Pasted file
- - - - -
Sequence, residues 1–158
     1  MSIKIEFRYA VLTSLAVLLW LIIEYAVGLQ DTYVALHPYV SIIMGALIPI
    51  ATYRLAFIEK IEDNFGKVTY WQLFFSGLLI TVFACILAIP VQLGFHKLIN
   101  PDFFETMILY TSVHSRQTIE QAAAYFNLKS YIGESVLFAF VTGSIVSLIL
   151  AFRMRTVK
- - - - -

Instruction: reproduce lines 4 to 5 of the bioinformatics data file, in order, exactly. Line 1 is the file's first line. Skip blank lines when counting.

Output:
   101  PDFFETMILY TSVHSRQTIE QAAAYFNLKS YIGESVLFAF VTGSIVSLIL
   151  AFRMRTVK